Thursday, September 22, 2011

Creation Creating Creations

Ahh the art of creation.  When you think about it, everything in the universe is constantly creating... one could say that it's our divine purpose to create... that it's unavoidable.  As humans, we're blessed with the gift of conscious awareness that allows us to create at will.  I could go on and on about the philosophical nature of creation, but today I'm just going to focus on the creation of works intended to be artistic.  I phrase it like that "works intended to be artistic" because not everyone agrees on what can be called art.  Well, I'm suspending judgment, although I have my opinions on what is "good" or "bad" art, because for someone to take the time to create something means that they're sharing a part of themselves.  Intentional creations of things that don't necessarily need to be created--works of aesthetic or audible value designed to make a statement or elicit a feeling beyond mere function--are perhaps the strongest form of human emotion.


I sang the National Anthem this morning for the State of the University Address at UNLV, where I'm studying for my Master's of Music.  I didn't add any melisma or fluff, and I sang all the correct words the way that Francis Scott Key penned them.  It seems like often times, not to knock any large-event divas, the meaning behind the song is lost.  Raised in a military family, I can't help but imagine what it must have felt like to Mr. Key to be a prisoner, to have bullets and bombs percussing the air around his head, to fight for the freedom of his home, and to see the star-spangled flag being illuminated by fire in the sky.  He wrote those words to share his emotions, to convey what was going on to future readers.  He had no idea that his words would be turned into a song sung before sporting and other events.  But his emotions live on.  As a singer, it is my job to interpret and convey the emotions that both the lyricist and songwriter intended, regardless of the language or year of the song.


When I left the State of the University Address, I walked across campus and saw a friend of mine sitting under a tree.  When I approached her to say hello and pay her a compliment, I saw that her emotional state was less than happy.  She, too, is a musician.. a pianist and singer.  When I offered a friendly ear, through tears she explained that she was scorned by her piano teacher for missing a note in a piece she had been practicing for a couple of weeks.  She was questioning whether she wanted to continue with piano, or just focus on singing.  She felt like she is not really doing what she wants with her life.  After a few minutes of listening to her, I let her know that I knew exactly how she felt.  After I had what could be called bad luck with opera auditions in Europe (that's another story, but suffice it to say my music-tied emotions were shattered for a while), I left classical singing all together and ended up traveling the world.  Of course, I still felt a deep emotional connection to the world around me, and a need to create a shareable form of that connection, and thus began my photographic endeavors.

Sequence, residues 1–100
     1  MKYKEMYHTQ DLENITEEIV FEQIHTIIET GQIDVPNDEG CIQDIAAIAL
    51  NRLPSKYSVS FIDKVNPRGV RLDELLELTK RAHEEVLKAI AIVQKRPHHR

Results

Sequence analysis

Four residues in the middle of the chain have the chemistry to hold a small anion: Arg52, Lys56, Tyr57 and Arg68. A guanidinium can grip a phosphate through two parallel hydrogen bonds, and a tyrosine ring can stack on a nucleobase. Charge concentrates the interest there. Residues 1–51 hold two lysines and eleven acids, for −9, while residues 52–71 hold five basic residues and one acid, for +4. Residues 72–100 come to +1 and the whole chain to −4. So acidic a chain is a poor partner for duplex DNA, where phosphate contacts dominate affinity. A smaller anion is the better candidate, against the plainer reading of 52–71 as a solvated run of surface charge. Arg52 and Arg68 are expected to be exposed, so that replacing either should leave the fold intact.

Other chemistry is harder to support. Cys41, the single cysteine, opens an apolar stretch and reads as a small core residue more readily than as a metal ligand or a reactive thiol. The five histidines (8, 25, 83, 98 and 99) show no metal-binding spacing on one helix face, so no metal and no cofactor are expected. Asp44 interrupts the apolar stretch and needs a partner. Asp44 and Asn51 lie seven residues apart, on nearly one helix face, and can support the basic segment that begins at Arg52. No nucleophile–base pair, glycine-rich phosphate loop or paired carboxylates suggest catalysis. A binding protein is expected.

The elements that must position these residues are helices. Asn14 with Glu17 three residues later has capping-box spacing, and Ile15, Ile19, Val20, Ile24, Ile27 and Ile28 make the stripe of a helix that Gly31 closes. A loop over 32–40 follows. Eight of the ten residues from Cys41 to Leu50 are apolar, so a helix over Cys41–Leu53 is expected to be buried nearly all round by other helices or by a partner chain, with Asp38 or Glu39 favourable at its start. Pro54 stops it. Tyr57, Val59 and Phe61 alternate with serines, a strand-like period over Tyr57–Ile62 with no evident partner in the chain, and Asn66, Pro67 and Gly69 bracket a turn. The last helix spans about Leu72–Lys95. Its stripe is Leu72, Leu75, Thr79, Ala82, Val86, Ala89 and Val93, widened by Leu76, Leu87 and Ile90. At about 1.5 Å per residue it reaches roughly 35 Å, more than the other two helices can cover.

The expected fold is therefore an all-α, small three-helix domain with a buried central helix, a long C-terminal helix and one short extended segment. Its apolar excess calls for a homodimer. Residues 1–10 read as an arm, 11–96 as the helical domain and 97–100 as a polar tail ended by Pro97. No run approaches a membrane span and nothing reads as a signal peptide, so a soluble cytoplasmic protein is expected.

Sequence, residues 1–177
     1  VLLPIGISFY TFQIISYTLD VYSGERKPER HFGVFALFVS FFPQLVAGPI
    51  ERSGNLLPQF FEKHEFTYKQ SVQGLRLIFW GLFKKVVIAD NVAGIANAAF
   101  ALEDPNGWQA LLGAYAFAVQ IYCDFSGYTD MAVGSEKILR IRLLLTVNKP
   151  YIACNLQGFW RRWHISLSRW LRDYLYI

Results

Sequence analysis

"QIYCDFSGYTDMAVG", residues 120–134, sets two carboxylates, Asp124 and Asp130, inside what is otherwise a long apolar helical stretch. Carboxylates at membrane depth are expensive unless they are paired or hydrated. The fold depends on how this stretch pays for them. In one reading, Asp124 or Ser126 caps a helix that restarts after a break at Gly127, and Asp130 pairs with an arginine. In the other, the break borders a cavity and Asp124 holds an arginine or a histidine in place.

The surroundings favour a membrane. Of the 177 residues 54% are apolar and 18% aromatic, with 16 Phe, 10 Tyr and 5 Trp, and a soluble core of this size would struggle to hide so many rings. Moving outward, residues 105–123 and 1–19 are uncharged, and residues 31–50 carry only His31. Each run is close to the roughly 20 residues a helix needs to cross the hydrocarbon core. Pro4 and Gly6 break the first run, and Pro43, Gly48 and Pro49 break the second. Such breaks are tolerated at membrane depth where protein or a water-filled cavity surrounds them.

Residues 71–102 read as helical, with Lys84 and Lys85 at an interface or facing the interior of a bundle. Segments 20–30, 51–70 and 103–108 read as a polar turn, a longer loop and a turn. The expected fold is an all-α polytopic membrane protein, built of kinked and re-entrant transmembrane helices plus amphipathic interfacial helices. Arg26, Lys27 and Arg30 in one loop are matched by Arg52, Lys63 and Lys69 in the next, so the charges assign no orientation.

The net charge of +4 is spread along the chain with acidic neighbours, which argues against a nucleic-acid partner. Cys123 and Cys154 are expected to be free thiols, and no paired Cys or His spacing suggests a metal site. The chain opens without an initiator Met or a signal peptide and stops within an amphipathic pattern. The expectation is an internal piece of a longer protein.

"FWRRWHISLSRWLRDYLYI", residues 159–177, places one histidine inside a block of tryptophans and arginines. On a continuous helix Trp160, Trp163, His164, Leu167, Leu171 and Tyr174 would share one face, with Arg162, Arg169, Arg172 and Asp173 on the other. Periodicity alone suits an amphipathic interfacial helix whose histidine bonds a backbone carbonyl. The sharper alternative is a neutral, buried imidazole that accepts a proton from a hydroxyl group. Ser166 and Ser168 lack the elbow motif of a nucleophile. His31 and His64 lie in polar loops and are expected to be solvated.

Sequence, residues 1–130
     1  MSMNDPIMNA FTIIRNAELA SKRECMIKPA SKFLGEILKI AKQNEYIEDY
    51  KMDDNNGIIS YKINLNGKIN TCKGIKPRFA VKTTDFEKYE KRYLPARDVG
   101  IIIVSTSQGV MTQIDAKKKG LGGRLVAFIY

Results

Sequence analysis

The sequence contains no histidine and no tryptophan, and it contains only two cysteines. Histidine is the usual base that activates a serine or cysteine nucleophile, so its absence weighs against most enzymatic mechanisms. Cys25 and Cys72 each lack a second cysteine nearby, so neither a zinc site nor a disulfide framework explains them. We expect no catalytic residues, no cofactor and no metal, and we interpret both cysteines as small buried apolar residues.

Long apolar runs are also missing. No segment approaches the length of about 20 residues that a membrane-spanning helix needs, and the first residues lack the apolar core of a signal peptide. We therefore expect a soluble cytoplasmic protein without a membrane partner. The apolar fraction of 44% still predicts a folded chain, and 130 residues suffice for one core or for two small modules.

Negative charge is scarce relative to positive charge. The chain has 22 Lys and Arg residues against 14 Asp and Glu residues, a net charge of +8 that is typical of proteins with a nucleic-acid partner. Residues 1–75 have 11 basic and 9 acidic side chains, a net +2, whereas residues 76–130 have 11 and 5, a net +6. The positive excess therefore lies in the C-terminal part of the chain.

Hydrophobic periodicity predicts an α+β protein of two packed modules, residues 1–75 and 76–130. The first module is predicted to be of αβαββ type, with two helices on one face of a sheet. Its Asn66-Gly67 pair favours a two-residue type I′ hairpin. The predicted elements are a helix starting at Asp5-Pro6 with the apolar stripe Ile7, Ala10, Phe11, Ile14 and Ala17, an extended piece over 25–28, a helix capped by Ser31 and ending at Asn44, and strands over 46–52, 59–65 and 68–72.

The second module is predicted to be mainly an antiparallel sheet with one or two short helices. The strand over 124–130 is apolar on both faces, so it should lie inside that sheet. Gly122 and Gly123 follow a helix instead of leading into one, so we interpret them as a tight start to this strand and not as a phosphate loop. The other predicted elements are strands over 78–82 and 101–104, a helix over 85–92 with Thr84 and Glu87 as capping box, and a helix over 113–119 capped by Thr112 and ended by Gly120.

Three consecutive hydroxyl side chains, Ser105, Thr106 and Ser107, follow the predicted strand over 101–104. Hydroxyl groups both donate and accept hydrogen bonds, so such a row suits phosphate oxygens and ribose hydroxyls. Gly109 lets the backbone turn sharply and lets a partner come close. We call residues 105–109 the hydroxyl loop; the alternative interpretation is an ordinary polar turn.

It is very difficult to be a good musician and not be in touch with your emotions.  Most of your free time is spent practicing, questioning yourself, doubting yourself, practicing more, getting nervous, and then finally performing.  Hopefully the performance goes well, which usually happens after enough practice, but even then you focus on the little mistakes you made.  Then, people from the audience tell you how great you are... very rarely does anyone say, "Thank you", or, "I really enjoyed that", or any other personal statement.  Personally, I don't like meet and greets after a performance for that very reason.  My performance is not about me, it is for you.  Sure, I place an emotional value on the music I'm performing,  but I perform for myself.  It is always up to me whether or not I want to share it with an audience (though normally I do, because I think the world benefits when people share what's in their souls).


Which brings me back to creation.  We all place emotional value on things, but often times we're a bit too lazy to do anything about that.  Now, granted, not everyone feels the need to create... not everyone has a "feeling" personality type.  But if you're reading this blog, you're likely someone who is at least intrigued by artistic creation.


"Wait a minute Nathan, I thought this was a photography blog!  What gives with all the music talk?"  Well, when people ask what I do, I tell them I'm an artist... then they ask what kind, and I modestly reply, "In every way that I can be."  I think in song, although I haven't quite honed my song-writing skills to the point where I want them.  Since I think in song, I try to convey a sense of musical motion in my images.  In this image I took at Cedar Springs, a farm I worked at in Sedro Wooley, WA, I can hear the raspberries and sunflower harmonize with the sunset in a soothing lullaby.


I think there are a lot of people out there like me, who think in song, and who feel connected to the world and sky.  But I also think that a lot of those people have been conditioned to live their lives based on the expectations of others, thus not allowing their souls to fully be expressed.


I was recently interviewed by Fine Art Photography Weekly, which was a huge honor.  The topic of conversation was "Do what you Love".  I think that is the underlying message of this post: Create what you Love to Create.  Here's the interview.  Thanks for reading, and enjoy the show!


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